Oklahoma City metro proponents of a school voucher-type system recently renewed efforts to pass state legislation allowing education savings accounts. Public information forums held Jan. 19 and 21 at two local private schools were part of those efforts.
Education savings accounts, or ESAs, would allow parents to use portions of public tax funds to enroll children in private schools, online or virtual courses, tutoring, concurrent college courses and educational therapies and services. It also would allow parents to use tax funds for textbooks, other curriculum materials and fees for nationally standardized tests used for college admission requirements.
However, it would not pay for computer hardware or common supplies like pencils and paper.
The legislation would set the Oklahoma Board of Education with the task of defining acceptable tutoring and the eligibility of educational therapies.
State Sen. Clark Jolley, R-Edmond, and Rep. Jason Nelson, R-Oklahoma City, are entering their third year of proposing ESAs.
Discussions at Mount St. Mary Catholic High School in southside OKC and Bishop McGuinness Catholic High School in north OKC allowed community members to ask written questions to the two Oklahoma legislators who favor the measure.
Nelson submitted House Bill 2949 on Jan. 21. It has similar language as his bill last year, HB 2003. Jolley’s bill, Senate Bill 609, was held from a final vote last year to allow it to be considered in this year’s legislative session.
Nelson characterized the bills as “almost identical.”
In the Jan. 21 forum, Nelson described the plan as “an unprecedented ability to customize your kids’ education.”
“It’s really changing the dynamic of education from being focused on children as a group to focused on children as individual people — what’s best for the specific child,” Nelson said.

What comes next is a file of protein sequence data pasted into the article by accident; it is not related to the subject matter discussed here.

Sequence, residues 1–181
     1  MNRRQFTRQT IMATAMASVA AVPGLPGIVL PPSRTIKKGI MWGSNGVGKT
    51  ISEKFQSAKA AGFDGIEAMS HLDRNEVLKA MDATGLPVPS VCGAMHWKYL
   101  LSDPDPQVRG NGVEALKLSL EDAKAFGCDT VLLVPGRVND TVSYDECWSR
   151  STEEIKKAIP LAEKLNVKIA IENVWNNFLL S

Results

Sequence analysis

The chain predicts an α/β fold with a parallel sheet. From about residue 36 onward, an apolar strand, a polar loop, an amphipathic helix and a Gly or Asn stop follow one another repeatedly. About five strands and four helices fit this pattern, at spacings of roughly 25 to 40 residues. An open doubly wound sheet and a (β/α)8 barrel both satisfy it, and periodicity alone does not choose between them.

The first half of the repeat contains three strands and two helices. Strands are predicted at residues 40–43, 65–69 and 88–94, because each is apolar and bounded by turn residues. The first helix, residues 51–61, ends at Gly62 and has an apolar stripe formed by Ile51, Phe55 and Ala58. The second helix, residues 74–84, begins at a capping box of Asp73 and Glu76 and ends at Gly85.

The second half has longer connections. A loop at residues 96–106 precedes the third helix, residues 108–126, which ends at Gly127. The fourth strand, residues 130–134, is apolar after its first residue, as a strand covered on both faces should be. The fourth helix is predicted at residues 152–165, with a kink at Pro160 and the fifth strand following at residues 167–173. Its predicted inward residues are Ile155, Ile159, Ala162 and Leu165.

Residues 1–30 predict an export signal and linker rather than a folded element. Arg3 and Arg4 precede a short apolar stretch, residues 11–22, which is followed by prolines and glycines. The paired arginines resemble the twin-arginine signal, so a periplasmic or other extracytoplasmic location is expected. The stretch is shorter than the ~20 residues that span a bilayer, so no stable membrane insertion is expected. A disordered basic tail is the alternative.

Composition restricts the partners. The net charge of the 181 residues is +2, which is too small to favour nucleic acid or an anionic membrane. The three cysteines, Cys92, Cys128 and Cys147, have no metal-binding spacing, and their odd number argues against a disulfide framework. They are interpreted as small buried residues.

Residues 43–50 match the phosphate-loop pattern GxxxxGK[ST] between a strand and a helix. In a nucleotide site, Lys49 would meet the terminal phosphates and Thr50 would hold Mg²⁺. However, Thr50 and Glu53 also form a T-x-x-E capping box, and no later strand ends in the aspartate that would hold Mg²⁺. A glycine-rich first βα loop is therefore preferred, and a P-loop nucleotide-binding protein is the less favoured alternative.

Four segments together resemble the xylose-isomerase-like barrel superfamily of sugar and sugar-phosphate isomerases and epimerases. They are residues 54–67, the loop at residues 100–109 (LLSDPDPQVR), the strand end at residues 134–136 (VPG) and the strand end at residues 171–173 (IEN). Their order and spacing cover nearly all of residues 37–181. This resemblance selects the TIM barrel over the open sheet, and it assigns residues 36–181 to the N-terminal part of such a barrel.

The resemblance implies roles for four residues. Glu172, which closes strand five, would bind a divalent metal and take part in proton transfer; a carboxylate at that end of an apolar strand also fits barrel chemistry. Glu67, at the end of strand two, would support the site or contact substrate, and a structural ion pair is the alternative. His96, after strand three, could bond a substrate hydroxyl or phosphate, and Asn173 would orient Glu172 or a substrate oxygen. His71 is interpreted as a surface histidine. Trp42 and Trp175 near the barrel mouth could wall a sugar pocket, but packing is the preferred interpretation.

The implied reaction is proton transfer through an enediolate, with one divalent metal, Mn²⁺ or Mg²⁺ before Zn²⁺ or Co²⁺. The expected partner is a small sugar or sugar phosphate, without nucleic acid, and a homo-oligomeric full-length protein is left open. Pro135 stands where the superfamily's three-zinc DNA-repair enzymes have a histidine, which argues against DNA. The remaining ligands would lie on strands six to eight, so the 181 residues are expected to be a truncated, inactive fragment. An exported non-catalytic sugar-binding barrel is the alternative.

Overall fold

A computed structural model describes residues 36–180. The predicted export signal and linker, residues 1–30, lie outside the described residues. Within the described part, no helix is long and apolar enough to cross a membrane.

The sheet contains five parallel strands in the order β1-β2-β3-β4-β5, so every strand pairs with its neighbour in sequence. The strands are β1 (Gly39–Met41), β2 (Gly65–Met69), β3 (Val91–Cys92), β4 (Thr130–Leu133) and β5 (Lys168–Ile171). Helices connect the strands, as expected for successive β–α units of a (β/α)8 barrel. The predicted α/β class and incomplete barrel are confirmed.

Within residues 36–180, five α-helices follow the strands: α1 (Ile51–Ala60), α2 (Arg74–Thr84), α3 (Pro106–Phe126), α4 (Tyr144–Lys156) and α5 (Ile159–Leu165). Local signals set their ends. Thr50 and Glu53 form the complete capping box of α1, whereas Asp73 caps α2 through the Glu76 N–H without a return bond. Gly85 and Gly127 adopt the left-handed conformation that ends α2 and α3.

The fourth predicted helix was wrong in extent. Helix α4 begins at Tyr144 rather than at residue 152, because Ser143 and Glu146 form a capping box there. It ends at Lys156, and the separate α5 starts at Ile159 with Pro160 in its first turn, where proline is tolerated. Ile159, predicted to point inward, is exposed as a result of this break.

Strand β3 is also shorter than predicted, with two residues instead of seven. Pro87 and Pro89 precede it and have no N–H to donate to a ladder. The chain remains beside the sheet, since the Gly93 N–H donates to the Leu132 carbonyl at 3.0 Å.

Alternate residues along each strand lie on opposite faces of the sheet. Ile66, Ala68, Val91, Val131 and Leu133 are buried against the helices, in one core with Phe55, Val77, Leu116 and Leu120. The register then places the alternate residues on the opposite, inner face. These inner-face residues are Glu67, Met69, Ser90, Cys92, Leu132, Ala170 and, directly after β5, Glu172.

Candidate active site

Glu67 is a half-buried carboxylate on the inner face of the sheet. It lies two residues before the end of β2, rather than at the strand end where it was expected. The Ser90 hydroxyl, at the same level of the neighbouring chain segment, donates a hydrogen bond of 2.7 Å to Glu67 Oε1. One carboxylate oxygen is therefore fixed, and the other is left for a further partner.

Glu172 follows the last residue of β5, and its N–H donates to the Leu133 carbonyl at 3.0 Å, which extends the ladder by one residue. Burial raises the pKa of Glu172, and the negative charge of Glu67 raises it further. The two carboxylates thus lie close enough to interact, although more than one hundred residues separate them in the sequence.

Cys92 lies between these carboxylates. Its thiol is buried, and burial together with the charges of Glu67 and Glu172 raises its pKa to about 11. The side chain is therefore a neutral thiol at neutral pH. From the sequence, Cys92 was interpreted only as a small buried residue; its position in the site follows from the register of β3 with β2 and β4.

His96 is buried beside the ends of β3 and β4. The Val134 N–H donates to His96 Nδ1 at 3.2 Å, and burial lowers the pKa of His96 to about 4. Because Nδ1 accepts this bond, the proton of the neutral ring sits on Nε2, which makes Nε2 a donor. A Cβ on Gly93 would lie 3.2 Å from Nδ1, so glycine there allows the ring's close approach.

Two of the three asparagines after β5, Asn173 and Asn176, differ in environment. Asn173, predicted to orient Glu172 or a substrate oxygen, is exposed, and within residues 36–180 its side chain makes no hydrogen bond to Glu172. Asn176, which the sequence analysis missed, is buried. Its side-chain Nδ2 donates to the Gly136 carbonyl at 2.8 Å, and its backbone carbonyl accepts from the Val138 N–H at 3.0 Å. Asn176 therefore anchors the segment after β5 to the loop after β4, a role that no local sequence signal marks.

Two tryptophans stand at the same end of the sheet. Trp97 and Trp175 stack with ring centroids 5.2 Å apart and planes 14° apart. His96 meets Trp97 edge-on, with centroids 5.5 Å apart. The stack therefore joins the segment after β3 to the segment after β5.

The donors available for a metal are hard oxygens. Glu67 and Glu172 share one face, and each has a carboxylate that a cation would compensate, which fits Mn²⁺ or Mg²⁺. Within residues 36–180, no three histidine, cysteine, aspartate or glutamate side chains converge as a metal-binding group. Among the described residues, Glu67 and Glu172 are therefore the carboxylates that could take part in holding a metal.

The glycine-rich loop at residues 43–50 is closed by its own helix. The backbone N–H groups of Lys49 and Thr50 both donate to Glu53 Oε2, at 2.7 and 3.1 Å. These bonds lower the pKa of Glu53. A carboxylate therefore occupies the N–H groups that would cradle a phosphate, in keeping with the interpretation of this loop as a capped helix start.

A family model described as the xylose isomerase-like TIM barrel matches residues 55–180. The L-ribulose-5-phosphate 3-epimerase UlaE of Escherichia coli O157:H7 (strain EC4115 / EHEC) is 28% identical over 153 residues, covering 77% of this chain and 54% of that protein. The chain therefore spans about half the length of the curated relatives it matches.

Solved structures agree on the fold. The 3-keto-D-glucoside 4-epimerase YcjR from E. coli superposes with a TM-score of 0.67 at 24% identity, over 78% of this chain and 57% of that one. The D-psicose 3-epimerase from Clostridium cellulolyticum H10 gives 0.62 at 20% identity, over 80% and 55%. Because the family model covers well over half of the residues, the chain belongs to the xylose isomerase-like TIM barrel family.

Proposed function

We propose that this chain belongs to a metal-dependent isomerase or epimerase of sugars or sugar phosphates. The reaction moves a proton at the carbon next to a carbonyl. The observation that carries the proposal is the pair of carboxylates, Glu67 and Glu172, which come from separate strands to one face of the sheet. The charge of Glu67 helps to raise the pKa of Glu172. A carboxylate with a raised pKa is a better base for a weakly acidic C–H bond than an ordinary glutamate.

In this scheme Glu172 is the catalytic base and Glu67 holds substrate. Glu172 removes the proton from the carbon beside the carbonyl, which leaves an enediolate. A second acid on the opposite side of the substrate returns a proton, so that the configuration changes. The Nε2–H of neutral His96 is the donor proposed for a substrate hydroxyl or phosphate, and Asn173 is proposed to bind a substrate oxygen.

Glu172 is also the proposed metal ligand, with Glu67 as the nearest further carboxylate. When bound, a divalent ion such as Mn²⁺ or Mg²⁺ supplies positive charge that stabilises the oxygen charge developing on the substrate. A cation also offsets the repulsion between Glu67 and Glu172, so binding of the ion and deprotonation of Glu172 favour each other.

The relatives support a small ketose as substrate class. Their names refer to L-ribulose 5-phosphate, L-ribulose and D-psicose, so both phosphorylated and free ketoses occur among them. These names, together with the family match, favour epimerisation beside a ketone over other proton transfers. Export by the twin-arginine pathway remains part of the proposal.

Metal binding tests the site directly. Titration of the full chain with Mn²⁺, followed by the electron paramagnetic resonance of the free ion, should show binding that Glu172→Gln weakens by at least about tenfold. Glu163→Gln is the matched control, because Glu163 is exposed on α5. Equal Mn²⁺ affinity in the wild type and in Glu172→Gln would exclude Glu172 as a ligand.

The ESA concept would allow parents to receive an “education benefits card,” much like current recipients of food and medical state aid receive now.
Moderator Scott Mitchell said guests sent over 50 questions, written on notecards, to the legislators.
They mostly centered on three topics: how the plan would be financed, how it would affect public schools and who would be allowed to use it.
Nelson said under his plan, qualified parents could use a portion of their “per-pupil funding” for the ESAs. Some of the per-pupil funding would remain within the school district, he told forum guests.
Nelson said per-pupil funds are determined in part by a sliding scale based on household income, which is measured against federal guidelines regarding free and reduced lunch programs. Those with higher household incomes would receive less “portable” funds.
In response to questions about the impact of ESAs on public schools, Jolley and Nelson said they believed the potential for harm is exaggerated.
If passed, their plans would utilize much of the per-pupil ESA funds on the parent-selected options. Remaining funds would be spent in public schools.
Questions were raised about who could take advantage of the plan.
Nelson said that homeschoolers and students currently enrolled in private schools would be ineligible.
“This will not take money out of public schools for students who might have gone there,” Nelson said. “Their public schools are not receiving money for them right now, anyway. It is only for those who are there and then decide to go elsewhere.”
After the forum ended, Lathonya Shivers told Oklahoma Gazette that she has two children in two different Catholic schools, making them ineligible for ESAs.
“I came here to find out about funding and how this might help children who are living in poverty,” Shivers said.
She added that Nelson and Jolley were thorough.
Not all attendees felt as satisfied.
In recent years, Oklahoma City Public Schools Board of Education member Phil Horning has lobbied the Oklahoma Legislature on his own time to help keep public education funding fully dedicated to public schools.
Without going into detail, he said the presentation “was disappointingly one-sided and misleading.”
The forums were organized and sponsored by Scissortail Community Development Corporation, which promotes parent education and choice for schooling through one of their programs, ChoiceMatters.
According to Scissortail’s COO Robert Ruiz, The Walton Family Foundation and “other local donors” fund Scissortail CDC and its programs, which include ChoiceMatters.
Jan. 7, The Associated Press reported the Walton foundation “has spent more than $1 billion on K-12 education over the past 20 years, including $385 million to help start charter schools in poor communities.”
Print Headline: Choice language, Two Oklahoma legislators host public forums to answer community questions about education savings accounts.